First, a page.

by Thaashida L. Hutton, M.S., CCC-SLPThe author line
The salivary glands in our mouth produce as much as 2-3 pints of saliva every day. We must swallow regularly to prevent any extra saliva from slipping out of our mouths or from seeping into our airway. If saliva seeps into the airway, our natural reaction is to gag and cough.
What Causes Drooling?
An overproduction of saliva can lead to problems with swallowing, and/or trouble controlling liquid in the mouth. Drooling happens when saliva falls from the mouth. During infant and toddler "teething" years, drooling is quite normal. As the teeth erupt through the gums, the mouth produces excess saliva to soothe aching gums and heal the gums where the teeth are coming through. This drooling behavior typically ends when children finish teething.
Adults may drool because of changes in the mouth such as tooth removal, illness, or a combination of routine medications. Adults should see their physician if an unusual amount of saliva production causes them to begin drooling.
Why Do We Need Saliva?
Speech - Saliva lubricates and protects the lips, teeth, tongue, and all other areas inside the mouth. When the lips, teeth, and tongue are very dry, talking and swallowing can be difficult and uncomfortable. "Liquids and saliva keep the mouth moist to make speaking easier." (Marshalla, P. 2001, p.12)
Eating - When chewing, the tongue mixes food with saliva to moisten and prepare it for swallowing. Dry, crunchy, foods such as crackers require more moisture from saliva than soft foods like mashed potatoes. Once the food is moist and chewed, the tongue pushes the food toward the back of the mouth to begin swallowing.
Digestion - Digestion begins in the mouth as the saliva helps break down and dissolve fats and sugars in our food. In addition, saliva dissolves any excess food caught in the teeth, protecting them from bacteria that can cause decay and/or infection.
Is Too Much Saliva Bad?
If excessive drooling continues after the teething process, parents may want to consult a physician or dentist. School-aged children who drool may become victims of teasing and bullying. Some children who drool a lot are not even aware or discomforted by it. Excessive drooling at this age wets the face and clothes, and can cause bad breath. Poor posture, neurological impairment/disabilities, or reduced sensitivity to the structures in and around the mouth may also contribute to drooling.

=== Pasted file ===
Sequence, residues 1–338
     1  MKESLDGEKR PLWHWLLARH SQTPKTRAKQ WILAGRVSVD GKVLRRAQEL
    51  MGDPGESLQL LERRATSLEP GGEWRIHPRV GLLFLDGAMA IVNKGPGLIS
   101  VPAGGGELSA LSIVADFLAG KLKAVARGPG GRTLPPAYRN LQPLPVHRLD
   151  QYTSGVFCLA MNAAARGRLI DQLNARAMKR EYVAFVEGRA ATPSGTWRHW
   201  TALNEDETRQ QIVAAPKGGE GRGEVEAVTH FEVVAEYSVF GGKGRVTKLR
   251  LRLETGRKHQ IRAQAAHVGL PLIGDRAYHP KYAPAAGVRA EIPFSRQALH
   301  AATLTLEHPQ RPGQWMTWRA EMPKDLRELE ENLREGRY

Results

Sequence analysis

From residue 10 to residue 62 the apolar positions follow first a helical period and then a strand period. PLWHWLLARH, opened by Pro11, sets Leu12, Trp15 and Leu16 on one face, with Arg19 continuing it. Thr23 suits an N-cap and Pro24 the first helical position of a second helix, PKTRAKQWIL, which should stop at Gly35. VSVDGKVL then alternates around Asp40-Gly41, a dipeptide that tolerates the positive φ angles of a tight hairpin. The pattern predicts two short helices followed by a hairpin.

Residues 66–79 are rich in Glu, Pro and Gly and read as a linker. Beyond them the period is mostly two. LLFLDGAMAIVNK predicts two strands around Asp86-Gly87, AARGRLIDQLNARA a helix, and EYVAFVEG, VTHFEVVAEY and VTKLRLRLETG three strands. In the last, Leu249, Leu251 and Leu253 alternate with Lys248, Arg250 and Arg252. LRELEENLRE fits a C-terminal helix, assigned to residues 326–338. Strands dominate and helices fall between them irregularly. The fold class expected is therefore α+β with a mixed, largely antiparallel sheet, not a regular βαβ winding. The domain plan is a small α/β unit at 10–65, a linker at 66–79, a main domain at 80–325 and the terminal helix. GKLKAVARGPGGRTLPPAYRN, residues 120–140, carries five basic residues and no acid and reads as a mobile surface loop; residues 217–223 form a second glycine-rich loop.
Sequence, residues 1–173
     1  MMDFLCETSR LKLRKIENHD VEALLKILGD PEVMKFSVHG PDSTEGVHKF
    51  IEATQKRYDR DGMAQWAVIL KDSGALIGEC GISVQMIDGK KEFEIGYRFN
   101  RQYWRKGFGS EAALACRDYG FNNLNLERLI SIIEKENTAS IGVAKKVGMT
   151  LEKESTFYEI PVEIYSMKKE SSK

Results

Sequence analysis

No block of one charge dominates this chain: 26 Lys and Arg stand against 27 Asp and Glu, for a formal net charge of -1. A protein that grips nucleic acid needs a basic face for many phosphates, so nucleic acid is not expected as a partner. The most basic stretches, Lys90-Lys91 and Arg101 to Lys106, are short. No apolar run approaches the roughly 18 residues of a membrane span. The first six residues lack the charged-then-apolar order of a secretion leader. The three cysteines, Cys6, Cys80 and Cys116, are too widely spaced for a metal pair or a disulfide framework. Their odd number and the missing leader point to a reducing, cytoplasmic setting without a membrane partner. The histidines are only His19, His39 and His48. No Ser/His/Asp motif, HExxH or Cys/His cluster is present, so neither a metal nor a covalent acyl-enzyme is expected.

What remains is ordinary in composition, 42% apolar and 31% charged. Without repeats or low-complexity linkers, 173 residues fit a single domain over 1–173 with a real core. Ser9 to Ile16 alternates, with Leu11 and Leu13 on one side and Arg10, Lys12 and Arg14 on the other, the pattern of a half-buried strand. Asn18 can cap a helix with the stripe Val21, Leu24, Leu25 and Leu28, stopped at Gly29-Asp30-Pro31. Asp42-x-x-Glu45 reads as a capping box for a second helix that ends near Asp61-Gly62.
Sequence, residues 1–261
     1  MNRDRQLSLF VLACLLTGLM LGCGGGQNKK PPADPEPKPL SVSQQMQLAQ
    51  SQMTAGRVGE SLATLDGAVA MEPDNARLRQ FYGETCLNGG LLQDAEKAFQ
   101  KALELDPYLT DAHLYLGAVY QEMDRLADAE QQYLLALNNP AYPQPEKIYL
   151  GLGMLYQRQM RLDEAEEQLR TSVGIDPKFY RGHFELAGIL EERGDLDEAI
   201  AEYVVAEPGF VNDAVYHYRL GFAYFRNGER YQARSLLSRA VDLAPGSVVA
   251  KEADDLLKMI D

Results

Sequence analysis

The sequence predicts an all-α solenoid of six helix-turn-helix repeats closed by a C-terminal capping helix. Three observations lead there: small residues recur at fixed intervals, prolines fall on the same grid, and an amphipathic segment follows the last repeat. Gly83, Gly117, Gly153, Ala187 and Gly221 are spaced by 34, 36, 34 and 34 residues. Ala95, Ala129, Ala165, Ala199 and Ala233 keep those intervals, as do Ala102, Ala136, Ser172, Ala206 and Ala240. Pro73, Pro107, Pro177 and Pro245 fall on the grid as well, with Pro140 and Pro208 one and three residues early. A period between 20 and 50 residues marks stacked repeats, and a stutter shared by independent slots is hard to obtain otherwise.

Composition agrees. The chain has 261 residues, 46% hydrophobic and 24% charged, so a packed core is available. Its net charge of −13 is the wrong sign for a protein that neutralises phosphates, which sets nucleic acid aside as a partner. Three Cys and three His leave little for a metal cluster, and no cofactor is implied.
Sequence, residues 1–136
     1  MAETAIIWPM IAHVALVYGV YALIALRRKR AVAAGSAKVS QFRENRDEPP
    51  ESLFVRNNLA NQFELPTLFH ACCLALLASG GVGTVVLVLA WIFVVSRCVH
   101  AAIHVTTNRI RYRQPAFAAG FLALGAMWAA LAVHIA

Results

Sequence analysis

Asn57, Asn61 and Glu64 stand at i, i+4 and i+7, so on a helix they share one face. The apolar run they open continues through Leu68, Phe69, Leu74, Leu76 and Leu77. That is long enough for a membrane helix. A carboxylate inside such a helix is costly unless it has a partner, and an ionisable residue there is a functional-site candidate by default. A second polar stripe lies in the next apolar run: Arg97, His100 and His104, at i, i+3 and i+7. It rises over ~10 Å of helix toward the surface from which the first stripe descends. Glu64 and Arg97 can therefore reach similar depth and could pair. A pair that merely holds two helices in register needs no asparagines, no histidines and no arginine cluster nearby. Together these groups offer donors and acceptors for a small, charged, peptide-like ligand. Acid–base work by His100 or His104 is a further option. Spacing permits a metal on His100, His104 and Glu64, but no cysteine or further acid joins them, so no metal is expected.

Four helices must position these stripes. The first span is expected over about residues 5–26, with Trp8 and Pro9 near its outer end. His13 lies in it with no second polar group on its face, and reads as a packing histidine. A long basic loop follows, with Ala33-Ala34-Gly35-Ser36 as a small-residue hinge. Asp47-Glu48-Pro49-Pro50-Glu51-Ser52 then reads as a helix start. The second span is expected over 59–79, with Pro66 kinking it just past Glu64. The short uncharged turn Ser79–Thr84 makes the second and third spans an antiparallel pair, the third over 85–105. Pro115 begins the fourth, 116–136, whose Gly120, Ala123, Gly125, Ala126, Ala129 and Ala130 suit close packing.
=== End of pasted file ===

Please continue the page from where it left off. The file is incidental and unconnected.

Strategies to Decrease Drooling
For children and adults, there are strategies to help control drooling before moving on to more extreme measures. A specialist/therapist should teach the parent or caregiver of a child that drools the correct strategies and techniques to help control drooling. Some strategies are:
- Brushing the teeth and rinsing the mouth regularly after meals.
- Eating foods of different temperatures, tastes, and textures to improve sensory stimulation inside the mouth (popsicles, warm soup).
- Using a mirror to frequently check and clean the face, and to clear pieces of food stuck in the teeth that the patient cannot feel.
- Massaging the mouth before meals to help improve sensation within and outside the mouth.
Is There Treatment for Drooling?
Treatment for drooling depends on its severity. A physician, therapist, or dentist must consider contributing factors or disorders, such as cerebral palsy, to create a treatment plan. Successful programs sometimes include an interdisciplinary team (doctor, dentist, therapist, speech-language pathologist) working together to treat the drooling problem. For the patient, these treatment programs may include:
- Exercises to improve the muscle tone, strength, sensitivity, movement, and stability of the structures in and around the mouth.
- Cues and/prompts from a caregiver, parent, or therapist to improve the swallowing of saliva.
- Prescribed drugs that help decrease the production of saliva.
- Radiation therapy to decrease the production of saliva.
- Surgery on the glands inside the mouth to decrease overproduction of saliva.
Parents need to consider that all children are different, and some may drool more than others, and for a longer period. If you have a concern about your child's excessive drooling, consult your physician, dentist, or therapist.
Logemann, J. A. (1998). Evaluation and treatment of swallowing disorders. 2nd Edition. Austin, Texas: Pro-Ed, Inc.
Marshalla, P. (2001). How to stop drooling; Practical solutions for home and therapy. Kirkland, WA: Marshalla Speech and Language.